Landscape Designer Brent Knoll of Knoll Landscape Design specializes in Healing Garden Design. Call Brent today at 3054965155 to schedule a consultation and experience for yourself the Healing Power of the Garden.
Raised Bed Garden-The Edible Paradise
Image Courtesy M. Evelina Galang
Landscape Designer Brent Knoll of Knoll Landscape Design Miami and Easy Edible Landscapes, regularly installs raised bed gardens for his South Florida clients. Why? These raised bed gardens are a highly effective method of planting herbs, fruits and vegetables for people and families that live in an urban to suburban community.
What is a Raised Bed Garden?
Raised bed gardens offer great function and flexibility to the urban/suburban gardener in both utility and aesthetics. A raised bed garden is when you build a wooden frame and fill that frame with organic soil in which you plant your fruits, vegetables and flowers. By providing an 8-10 inch layer of rich composted soil, your fruits, vegetables, and flowers are given the healthiest start to prolific growth. Brent Knoll makes his own organic super soil, btw it’s Amazing!!! Clients are often astounded by just how much they get to harvest from their compact garden space. A fertile and well planted raised bed garden will produce great yields through every growing season which not only provides you with the most nourishing and delicious high quality produce, but it also saves a fortune in grocery bills.
What is the ideal location for a Raised Bed Garden?
The raised bed garden is ideal for urban and suburban settings such as condos, townhomes and home owners. The attractive wooden frame contains the rich soil to provide a neat and organized look in most any location. This is perfect for situations in which more traditional and intensive methods of gardening may appear intrusive to your landlord or too radical for your neighbors and HOA’s. In special situations Brent builds the raised bed frames from red cedar or other such decorative woods to provide a more glamorous garden when desired.
What can be grown in a Raised Bed Garden?
Despite what some may believe, growing in a raised bed doesn’t limit your gardening options. We may think of a raised bed garden as just an overgrown planter box for growing lettuce and herbs; however Brent Knoll of Easy Edible Landscapes has found a way to grow pretty much anything in a raised bed. He uses tipi structures to grow beans, cucumbers, and peas. Brent and his crew have even built custom trellis boxes to really maximize the vertical growing space for those happy climbers. Even tomatoes, peppers, and eggplants, are more than happy to grow in a compact raised bed kitchen garden.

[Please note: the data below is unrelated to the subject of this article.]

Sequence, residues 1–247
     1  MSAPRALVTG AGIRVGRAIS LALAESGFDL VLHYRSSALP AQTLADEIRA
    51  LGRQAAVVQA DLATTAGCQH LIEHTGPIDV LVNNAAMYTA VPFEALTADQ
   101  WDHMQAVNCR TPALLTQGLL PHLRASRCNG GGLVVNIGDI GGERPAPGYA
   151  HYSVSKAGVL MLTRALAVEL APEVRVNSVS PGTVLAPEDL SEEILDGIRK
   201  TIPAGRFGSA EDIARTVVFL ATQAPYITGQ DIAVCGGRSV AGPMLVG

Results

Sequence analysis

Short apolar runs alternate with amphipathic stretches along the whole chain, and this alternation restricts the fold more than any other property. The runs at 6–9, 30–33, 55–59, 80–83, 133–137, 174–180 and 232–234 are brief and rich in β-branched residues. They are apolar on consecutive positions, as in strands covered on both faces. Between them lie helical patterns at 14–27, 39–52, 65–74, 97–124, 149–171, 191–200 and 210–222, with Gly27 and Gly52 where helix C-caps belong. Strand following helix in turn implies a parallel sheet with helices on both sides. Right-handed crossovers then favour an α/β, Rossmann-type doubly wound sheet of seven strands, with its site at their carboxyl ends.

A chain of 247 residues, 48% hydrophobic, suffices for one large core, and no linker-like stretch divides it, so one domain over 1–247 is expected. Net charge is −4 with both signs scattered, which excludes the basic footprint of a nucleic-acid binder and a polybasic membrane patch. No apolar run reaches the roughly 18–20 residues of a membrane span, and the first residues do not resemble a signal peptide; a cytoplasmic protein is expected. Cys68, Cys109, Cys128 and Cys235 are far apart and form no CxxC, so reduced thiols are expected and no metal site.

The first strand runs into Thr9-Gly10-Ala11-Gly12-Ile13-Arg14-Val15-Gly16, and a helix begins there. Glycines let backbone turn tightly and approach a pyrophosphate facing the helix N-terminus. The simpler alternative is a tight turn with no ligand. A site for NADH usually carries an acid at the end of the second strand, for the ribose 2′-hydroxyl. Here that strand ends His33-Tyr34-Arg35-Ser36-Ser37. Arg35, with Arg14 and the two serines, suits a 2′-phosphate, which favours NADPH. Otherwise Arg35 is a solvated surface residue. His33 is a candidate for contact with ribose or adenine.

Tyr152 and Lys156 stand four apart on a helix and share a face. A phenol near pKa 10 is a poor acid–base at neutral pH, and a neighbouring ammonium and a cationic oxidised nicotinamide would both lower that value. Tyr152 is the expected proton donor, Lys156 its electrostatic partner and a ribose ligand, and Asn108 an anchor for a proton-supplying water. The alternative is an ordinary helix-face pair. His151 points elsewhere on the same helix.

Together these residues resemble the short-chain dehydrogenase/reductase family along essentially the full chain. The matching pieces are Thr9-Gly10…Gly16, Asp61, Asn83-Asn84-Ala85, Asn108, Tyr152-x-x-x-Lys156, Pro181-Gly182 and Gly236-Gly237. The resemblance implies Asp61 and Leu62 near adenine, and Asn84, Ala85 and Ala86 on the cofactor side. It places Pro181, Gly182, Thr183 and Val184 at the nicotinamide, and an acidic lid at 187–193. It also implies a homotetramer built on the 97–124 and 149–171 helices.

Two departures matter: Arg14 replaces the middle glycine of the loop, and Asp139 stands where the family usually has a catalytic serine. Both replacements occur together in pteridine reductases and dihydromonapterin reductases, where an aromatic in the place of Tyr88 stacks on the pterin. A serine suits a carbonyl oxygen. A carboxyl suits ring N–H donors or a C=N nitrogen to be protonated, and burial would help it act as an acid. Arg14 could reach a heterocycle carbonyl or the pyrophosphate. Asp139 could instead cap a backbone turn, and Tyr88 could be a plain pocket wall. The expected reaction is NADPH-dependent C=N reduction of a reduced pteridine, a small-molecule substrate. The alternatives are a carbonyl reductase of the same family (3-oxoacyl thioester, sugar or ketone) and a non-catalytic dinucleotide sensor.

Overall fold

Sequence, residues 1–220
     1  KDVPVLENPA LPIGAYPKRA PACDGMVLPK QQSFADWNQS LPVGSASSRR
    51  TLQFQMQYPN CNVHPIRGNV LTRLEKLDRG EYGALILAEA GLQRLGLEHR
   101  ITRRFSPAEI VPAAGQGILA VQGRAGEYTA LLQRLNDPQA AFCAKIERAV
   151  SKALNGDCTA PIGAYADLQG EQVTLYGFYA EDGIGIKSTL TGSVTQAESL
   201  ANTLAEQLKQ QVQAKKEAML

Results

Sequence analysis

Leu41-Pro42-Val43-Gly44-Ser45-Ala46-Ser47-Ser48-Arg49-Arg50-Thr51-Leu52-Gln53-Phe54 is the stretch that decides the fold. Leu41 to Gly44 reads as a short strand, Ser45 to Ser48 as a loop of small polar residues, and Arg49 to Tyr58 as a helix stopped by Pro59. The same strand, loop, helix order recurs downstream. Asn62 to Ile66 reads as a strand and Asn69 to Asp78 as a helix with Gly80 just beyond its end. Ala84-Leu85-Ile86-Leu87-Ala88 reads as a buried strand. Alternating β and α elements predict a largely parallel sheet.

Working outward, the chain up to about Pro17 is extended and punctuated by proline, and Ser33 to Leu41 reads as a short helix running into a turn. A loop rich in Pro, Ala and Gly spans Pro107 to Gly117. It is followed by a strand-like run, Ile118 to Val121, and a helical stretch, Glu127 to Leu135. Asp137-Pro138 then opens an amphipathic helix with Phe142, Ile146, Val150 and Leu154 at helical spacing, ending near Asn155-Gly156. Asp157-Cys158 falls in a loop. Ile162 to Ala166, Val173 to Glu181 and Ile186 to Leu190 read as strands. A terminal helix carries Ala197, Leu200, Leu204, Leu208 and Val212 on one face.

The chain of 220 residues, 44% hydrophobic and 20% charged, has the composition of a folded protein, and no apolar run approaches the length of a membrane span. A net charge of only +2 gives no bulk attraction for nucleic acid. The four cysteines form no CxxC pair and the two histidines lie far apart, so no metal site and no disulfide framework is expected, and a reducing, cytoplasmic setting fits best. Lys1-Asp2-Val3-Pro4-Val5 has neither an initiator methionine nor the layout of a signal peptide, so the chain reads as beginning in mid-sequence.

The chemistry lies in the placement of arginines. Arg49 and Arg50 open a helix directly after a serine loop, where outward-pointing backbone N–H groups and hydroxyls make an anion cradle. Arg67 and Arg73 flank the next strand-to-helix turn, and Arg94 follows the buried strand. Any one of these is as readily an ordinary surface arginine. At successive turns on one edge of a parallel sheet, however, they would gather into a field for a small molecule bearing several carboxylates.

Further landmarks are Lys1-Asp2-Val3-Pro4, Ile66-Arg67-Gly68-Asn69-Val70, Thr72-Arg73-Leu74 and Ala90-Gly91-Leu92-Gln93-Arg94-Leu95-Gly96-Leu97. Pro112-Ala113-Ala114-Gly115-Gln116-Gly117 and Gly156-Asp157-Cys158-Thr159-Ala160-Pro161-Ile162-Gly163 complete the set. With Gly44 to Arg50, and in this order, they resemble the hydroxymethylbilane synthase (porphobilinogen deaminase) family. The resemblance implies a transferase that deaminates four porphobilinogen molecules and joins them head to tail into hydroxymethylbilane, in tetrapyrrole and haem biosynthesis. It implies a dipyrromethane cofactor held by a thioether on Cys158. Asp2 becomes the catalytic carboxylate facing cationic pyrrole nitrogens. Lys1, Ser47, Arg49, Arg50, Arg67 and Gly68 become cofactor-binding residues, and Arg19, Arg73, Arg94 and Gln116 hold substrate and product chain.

Raised Bed Gardening and Compost
Although most people have come to know this method as “raised bed” gardening, there is another common term in the world of permaculture called “compost bombing”. We tend to think of this method as a way to obtain a neat and discreet gardening solution in a suburban setting, yet in the fields of horticultural sustainability and permaculture compost bombing has been developed as a way to create a fertile and root friendly planting area without tilling the soil.
The essential idea of any “no-till” gardening technique is to create a healthy layer of fertile topsoil on top of the surface of the ground. This is done to avoid the damage and disruption that takes place when we dig into the ground. If we till the ground, and essentially dig it up, we wreak havoc on the very complex micro-environment that exists in the root layer of the ground. Not only does this create an imbalance and deficiency in the soil, but every time we dig into the ground we are releasing more carbon into the atmosphere. This is just another of many examples of how aesthetics can overlap with ecological integration.
If you want a quick and easy garden that will give you an untold abundance of fresh delicious organic food all year then you want a raised bed garden. Raised bed gardens are attractive, easy to maintain and even relatively portable. Contact Edible Landscape Designer Brent Knoll for an in person consultation or go to their website http://www.easyediblelandscapes.com to order your raised bed today!!!
The Wisdom of Native Plants, South Florida and Miami
In the great scheme of nature, all living species spend many generations co-evolving with their surrounding eco-systems to become perfectly suited for their role in their environment. They not only develop the defenses and resources needed to survive, but they also develop particular traits that contribute something unique to the life around them. As an ecosystem forms and evolves, all the interwoven qualities and contributions of every organism become essential to the survival and growth of all other organisms within that shared ecosystem.
Where plants are concerned, all the plants in a particular ecosystem share common ground, quite literally. The condition and constituency of the communal soil is determined by the life processes of all the plants who share that space. In this respect, it is easy to see how the effects that one plant has on the soil, directly affects every other plant.
Most of the time when we are planting ornamental or edible plants in our garden, we choose the plant according to our aesthetic or culinary preferences. Our planting choices are rarely based upon the geographical and cultural heritage of the plant species. However, Brent Knoll of Knoll Landscape Design in Miami, wants to tell you that it certainly should be.